|Approaching SRT tracks|
The other side of not derailling my efforts is making smart decisions on the bike. This means not taking unnecessary risks, especially around railroad tracks. I learned the hard way late last year that tracks are not something to toy with. I was lucky that my injuries were minor, and I was able to ride away. If you talk to folks that have been riding for a while, a majority have stories to tell about railroad tracks. Works like "fracture" or "crack" are often used in combination with "clavical or hip". Just this spring I've had multiple friends end up off the bike for extended periods of time while their injuries heal. These are folks with tens of thousands of miles on the bike; I've riden with them on events like the Assault on Mt Mitchell. These aren't novice riders that didn't know how to handle tracks.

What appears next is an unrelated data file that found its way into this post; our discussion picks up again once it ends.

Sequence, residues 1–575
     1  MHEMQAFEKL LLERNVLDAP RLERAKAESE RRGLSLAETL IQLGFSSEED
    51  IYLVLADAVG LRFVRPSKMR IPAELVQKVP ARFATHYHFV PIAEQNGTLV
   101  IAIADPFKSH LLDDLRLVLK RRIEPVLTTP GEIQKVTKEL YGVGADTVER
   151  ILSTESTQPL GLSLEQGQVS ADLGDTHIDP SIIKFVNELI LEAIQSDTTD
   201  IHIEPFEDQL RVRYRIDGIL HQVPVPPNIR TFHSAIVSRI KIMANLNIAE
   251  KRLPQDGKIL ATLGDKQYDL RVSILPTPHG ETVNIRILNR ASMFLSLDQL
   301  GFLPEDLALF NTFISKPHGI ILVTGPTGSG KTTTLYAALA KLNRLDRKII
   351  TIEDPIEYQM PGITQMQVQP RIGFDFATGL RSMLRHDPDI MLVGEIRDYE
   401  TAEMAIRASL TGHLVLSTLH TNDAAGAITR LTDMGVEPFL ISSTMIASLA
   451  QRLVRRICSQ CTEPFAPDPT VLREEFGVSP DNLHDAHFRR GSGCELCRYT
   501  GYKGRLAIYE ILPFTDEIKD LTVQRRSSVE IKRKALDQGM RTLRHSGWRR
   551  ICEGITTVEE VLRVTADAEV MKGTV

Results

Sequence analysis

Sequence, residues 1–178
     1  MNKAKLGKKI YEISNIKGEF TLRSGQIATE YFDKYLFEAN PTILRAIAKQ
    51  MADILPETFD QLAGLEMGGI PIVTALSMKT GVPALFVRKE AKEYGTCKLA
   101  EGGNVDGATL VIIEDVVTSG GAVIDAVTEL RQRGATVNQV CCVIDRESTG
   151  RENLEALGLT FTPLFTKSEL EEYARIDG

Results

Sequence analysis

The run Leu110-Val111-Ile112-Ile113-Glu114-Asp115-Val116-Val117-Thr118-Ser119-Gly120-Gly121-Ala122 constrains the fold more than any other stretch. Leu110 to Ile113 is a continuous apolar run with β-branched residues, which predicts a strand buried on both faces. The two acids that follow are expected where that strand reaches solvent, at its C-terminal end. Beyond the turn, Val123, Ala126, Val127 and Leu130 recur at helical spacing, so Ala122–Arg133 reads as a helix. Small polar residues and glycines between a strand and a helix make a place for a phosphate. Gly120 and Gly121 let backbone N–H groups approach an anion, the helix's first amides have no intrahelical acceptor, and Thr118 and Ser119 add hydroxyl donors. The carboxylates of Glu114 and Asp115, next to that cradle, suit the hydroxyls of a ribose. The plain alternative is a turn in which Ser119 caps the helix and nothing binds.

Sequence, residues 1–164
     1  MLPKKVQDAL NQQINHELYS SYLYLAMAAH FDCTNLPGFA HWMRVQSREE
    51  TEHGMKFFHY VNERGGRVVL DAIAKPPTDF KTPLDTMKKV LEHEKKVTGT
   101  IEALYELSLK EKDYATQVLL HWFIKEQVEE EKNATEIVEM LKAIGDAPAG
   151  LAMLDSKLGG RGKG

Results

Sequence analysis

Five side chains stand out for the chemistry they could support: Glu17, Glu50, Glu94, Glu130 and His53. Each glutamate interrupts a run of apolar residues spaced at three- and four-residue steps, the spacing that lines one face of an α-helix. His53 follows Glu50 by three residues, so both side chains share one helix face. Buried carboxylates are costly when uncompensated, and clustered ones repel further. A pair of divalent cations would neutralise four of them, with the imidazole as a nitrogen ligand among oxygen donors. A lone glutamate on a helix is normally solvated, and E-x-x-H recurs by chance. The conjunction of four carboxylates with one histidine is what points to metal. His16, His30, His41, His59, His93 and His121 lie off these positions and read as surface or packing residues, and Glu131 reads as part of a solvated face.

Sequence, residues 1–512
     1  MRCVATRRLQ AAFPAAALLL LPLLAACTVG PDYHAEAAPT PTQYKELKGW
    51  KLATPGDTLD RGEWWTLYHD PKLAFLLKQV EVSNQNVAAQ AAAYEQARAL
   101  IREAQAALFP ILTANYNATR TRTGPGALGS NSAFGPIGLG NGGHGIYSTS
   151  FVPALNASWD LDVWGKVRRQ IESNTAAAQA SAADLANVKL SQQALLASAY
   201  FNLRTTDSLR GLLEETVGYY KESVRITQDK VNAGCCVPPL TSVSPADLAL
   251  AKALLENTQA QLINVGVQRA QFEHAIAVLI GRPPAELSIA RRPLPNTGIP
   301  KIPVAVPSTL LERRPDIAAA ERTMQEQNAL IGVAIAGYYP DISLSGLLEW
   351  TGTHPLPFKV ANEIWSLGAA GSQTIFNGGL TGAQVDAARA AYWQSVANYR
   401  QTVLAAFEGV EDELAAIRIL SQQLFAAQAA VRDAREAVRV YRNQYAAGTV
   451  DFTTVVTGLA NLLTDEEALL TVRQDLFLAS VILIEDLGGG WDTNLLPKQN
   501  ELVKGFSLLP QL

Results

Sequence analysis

After my encounter, I felt like I had just been body slammed by a professional wrestler. One moment I was crossing the tracks, the next I was picking myself off the ground. There wasn't a moment of "I'm going to fall" or "oh this is going to hurt". Anything that happened between when my wheel caught the rail and I went down was done purely on instinct. I had to have landed on my right arm, as it was tender for several weeks afterwards. If I had more time, I probably would have had worse injuries, as I probably would have attempted to put my arm out to brace myself.